Foursquare ditches Google Maps for open source data
Geolocation service Foursquare is to ditch Google Maps, moving to an open source mapping database to escape Google’s revamped API pricing model.
The company said it would be using data from OpenStreetMap, which it describes as a “crowd-sourced global atlas… like Wikipedia for geography”.
According to Foursquare, the move comes after it reassessed its relationship with Google and started looking for alternatives.
“While the new Google Maps API pricing was the reason we initially started looking into other solutions, we ultimately ended up switching because OpenStreetMap and MapBox was simply the best fit for us,” the company said in a blog.
The company said it was using MapBox to interpret the huge data sets of mapping information from OpenStreetMap, which would otherwise have been overwhelming.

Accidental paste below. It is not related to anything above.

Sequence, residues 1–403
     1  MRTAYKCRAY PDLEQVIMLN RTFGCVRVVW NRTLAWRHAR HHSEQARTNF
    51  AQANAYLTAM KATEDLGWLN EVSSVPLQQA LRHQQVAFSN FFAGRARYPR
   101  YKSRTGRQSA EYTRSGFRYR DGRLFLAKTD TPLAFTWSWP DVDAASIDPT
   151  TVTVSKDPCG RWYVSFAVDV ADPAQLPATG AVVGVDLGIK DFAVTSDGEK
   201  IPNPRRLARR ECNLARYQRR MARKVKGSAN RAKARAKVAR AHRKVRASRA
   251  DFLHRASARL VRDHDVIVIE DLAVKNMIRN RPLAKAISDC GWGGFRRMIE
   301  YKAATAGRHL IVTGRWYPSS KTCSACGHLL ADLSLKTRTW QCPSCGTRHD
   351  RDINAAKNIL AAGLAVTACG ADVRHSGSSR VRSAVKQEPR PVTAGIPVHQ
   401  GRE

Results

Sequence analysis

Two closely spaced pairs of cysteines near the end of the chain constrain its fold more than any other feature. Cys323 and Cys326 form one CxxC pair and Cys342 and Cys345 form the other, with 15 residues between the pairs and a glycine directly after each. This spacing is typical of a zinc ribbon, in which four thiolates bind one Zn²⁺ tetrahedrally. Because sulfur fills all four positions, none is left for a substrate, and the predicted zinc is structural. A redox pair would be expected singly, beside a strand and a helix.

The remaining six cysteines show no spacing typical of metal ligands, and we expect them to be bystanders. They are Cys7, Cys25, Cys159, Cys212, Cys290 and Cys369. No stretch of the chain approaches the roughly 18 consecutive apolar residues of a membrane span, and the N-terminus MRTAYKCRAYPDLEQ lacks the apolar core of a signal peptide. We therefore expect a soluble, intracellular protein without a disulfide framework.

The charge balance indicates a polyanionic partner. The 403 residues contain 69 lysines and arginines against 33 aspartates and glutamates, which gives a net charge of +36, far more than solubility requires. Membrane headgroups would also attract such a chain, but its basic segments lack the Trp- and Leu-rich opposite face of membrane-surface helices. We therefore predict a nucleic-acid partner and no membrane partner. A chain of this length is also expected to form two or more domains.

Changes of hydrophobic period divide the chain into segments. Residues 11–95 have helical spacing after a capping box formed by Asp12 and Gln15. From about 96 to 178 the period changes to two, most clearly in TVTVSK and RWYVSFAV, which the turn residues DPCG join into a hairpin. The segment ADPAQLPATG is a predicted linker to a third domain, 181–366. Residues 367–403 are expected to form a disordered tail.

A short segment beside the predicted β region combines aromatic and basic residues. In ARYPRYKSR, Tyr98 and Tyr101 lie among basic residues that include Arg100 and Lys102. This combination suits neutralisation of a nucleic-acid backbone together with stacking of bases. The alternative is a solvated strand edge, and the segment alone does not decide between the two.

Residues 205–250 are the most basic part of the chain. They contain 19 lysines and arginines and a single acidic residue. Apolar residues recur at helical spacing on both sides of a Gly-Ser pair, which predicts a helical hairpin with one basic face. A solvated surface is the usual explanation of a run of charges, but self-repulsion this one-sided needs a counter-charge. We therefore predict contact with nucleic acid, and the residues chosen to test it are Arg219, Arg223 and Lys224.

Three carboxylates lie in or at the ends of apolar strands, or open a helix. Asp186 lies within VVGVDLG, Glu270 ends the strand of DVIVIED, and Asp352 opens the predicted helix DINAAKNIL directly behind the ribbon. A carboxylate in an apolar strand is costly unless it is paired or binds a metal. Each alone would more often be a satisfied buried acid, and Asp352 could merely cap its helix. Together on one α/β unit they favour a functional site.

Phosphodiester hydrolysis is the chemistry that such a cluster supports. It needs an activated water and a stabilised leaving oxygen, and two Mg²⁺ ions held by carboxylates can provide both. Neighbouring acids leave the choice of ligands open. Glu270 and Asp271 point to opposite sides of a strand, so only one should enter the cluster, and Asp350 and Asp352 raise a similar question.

“The hard thing is taking the OpenStreetMap data and turning it into map images. Millions of map images, for every corner of the world. OpenStreetMap has a set of default map tiles, but they didn’t look quite right for us,” the company said, adding that MapBox gave it more flexibility.
Google announced changes to its Maps API rates last year, with fees of $4 dollar per thousand requests among other licencing models.
However, Foursquare said it would continue to use the Google API on mobile platforms because they come integrated with both iOS and Android handsets.